Comment by Clean Cut — November 3, 2008 @ 12:26 pm

  4. Holy hell will I be glad to see this all over.

    Comment by Steve Evans — November 3, 2008 @ 12:31 pm

  5. If Prop 8 passes in California, I think it’ll be far from over.

    Comment by Mark N. — November 3, 2008 @ 1:03 pm

  6. I’m so ready for this to be over and done with.
    Is anyone else sort of drained?
    I don’t know… :/

    Comment by Tug — November 3, 2008 @ 7:10 pm

  7. I hope we can support the new president, whoever he (or she, in case all those write-ins for Hillary pull through) is; we sure sucked at doing it the last time around.

    FWIW, I don’t get the impression that anyone really dislikes McCain as much as they have despised Shrub.

    If Prop 8 passes in California, I think it’ll be far from over.

    Sadly, if Prop 8 fails in California, it will be far from over. Fortunately, all those folks who coughed up their life savings at Monson & Co.’s arm-twisting won’t have anything left to invest in their next attempt.

    Comment by Nick Literski — November 3, 2008 @ 7:57 pm

  8. Nick: don’t count on it. I still have some to give if Obama doesn’t take it all away with his tax increases.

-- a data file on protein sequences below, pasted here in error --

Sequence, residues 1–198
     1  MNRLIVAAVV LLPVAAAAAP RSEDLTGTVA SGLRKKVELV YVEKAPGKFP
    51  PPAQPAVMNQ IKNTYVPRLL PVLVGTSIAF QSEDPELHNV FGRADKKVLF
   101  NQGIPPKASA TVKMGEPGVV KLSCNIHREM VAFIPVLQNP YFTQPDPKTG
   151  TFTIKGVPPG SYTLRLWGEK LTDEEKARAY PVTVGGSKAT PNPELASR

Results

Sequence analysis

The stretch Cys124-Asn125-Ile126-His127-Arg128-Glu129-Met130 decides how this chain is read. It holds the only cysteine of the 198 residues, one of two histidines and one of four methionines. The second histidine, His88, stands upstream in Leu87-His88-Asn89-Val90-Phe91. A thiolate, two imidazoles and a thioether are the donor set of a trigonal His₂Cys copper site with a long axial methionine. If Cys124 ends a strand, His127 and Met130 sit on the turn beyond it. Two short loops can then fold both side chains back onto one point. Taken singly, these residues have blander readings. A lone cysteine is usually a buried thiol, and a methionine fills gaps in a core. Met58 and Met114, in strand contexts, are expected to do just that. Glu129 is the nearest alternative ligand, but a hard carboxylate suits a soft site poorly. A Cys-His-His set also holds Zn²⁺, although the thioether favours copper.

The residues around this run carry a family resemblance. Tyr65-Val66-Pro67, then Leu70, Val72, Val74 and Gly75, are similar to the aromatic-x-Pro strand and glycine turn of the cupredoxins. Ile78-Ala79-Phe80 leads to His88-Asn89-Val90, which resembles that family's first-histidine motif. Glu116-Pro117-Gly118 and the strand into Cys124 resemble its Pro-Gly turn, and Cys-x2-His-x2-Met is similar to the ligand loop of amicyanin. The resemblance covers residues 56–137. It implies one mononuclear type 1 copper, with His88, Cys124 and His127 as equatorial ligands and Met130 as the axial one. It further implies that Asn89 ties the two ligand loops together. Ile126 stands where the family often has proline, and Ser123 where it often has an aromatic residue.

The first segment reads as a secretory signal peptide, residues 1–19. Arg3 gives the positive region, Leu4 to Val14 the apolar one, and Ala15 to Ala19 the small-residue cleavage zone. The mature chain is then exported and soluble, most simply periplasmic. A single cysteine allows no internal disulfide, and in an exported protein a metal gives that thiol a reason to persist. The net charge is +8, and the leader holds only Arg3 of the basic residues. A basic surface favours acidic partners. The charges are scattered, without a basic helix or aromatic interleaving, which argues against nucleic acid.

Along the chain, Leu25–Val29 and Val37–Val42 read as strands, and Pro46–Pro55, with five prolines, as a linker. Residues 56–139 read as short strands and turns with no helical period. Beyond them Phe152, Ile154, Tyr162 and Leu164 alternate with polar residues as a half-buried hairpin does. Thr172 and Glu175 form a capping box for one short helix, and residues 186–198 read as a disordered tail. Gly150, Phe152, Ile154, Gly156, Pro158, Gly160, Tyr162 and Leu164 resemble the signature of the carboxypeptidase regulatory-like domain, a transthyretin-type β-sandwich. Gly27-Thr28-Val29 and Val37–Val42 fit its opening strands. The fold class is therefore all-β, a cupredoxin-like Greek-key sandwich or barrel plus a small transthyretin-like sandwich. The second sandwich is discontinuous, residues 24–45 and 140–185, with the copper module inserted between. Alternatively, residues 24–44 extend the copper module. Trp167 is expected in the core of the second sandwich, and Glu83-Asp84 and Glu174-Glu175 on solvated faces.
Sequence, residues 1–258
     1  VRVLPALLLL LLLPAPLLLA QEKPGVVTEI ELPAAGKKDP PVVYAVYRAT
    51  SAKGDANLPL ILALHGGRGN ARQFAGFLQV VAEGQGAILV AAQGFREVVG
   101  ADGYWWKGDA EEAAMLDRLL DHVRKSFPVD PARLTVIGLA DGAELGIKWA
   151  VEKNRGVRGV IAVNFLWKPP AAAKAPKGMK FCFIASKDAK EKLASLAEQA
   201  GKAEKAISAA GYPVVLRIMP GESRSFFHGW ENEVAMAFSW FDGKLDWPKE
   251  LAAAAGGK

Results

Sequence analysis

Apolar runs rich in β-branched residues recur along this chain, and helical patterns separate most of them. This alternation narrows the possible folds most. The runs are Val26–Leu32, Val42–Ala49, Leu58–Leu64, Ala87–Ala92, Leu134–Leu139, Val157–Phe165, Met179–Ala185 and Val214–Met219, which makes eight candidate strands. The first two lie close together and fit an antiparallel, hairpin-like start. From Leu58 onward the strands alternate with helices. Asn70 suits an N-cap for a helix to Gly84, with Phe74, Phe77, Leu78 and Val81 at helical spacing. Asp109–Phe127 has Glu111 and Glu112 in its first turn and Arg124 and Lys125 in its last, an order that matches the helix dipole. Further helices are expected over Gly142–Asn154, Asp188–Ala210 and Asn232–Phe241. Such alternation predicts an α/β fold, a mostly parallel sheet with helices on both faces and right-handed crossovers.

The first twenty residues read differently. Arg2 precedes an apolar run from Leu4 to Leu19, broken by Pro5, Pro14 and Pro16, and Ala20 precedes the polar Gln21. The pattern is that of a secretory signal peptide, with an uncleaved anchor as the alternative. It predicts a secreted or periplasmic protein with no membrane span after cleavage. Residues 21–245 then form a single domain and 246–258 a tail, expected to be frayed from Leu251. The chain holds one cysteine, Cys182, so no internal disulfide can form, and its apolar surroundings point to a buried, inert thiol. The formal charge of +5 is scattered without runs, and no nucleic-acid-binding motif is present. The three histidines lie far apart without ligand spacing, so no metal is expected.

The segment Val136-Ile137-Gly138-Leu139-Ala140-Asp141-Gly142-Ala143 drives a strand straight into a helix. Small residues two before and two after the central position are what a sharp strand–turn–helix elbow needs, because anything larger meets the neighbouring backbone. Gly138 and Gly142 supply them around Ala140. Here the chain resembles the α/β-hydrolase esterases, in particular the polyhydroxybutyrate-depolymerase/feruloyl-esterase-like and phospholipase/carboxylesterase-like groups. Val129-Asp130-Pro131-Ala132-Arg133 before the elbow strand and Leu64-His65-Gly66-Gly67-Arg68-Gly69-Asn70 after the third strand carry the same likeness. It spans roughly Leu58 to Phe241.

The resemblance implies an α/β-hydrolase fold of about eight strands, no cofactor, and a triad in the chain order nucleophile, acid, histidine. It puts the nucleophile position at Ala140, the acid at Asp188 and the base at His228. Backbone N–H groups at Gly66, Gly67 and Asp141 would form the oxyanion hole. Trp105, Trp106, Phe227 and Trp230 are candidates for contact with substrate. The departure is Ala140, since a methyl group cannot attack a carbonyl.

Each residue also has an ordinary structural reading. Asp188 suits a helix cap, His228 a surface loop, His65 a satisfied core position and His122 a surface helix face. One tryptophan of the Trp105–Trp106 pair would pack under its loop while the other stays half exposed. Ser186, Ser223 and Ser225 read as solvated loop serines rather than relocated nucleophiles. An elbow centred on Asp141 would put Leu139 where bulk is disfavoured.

Anyway, I’m glad that this ridiculous farce of a two year campaign and literally billions of dollars spent on political campaigns will be over — once again showing that our political system is irreparably broken and the only solution is to tear it down and begin again. We hold such rights to be self-evident in the face of oppressors.

    In addition, I’m still waiting for Geoff to see that the single-party Congress and President is a formula for disaster as we will see very quickly in coming days. I’m also waiting for him to finally get that under the Tax Code the income of LLCs and S-Corps is taxed directly the members and shareholders respectively. I will also be interested in the IRS audit of his business after his claim that he can avoid income taxes altogether in his business given the number of deductions and write-offs he takes. Then it will be interesting to see his perspective on the gargantuan mistake of ’08 — electing the most liberal government this nation has ever seen with record spending and taxes with a one-party system. Uhhgg!!!!